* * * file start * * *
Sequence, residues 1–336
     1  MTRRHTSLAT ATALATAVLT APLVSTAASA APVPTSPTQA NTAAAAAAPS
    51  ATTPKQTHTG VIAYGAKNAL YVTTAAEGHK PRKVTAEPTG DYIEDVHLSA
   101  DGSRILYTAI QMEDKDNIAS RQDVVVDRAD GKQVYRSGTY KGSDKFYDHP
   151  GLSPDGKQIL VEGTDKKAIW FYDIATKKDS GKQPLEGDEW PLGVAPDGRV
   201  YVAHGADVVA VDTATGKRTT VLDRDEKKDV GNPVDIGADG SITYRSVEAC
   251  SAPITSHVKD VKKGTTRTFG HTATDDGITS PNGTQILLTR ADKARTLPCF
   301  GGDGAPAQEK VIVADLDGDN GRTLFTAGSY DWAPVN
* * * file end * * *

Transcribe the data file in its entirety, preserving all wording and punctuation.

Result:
Sequence, residues 1–336
     1  MTRRHTSLAT ATALATAVLT APLVSTAASA APVPTSPTQA NTAAAAAAPS
    51  ATTPKQTHTG VIAYGAKNAL YVTTAAEGHK PRKVTAEPTG DYIEDVHLSA
   101  DGSRILYTAI QMEDKDNIAS RQDVVVDRAD GKQVYRSGTY KGSDKFYDHP
   151  GLSPDGKQIL VEGTDKKAIW FYDIATKKDS GKQPLEGDEW PLGVAPDGRV
   201  YVAHGADVVA VDTATGKRTT VLDRDEKKDV GNPVDIGADG SITYRSVEAC
   251  SAPITSHVKD VKKGTTRTFG HTATDDGITS PNGTQILLTR ADKARTLPCF
   301  GGDGAPAQEK VIVADLDGDN GRTLFTAGSY DWAPVN